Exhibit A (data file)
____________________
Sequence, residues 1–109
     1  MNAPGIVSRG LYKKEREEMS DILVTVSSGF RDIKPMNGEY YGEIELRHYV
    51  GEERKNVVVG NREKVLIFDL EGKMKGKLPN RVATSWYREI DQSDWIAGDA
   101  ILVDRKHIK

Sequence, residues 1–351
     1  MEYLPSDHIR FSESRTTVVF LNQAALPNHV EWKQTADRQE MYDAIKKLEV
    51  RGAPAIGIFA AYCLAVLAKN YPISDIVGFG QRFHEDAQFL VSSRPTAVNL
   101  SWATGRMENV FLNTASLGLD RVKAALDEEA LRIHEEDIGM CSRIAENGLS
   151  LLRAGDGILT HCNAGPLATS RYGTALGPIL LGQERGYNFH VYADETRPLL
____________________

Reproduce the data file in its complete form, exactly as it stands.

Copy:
Sequence, residues 1–109
     1  MNAPGIVSRG LYKKEREEMS DILVTVSSGF RDIKPMNGEY YGEIELRHYV
    51  GEERKNVVVG NREKVLIFDL EGKMKGKLPN RVATSWYREI DQSDWIAGDA
   101  ILVDRKHIK

Sequence, residues 1–351
     1  MEYLPSDHIR FSESRTTVVF LNQAALPNHV EWKQTADRQE MYDAIKKLEV
    51  RGAPAIGIFA AYCLAVLAKN YPISDIVGFG QRFHEDAQFL VSSRPTAVNL
   101  SWATGRMENV FLNTASLGLD RVKAALDEEA LRIHEEDIGM CSRIAENGLS
   151  LLRAGDGILT HCNAGPLATS RYGTALGPIL LGQERGYNFH VYADETRPLL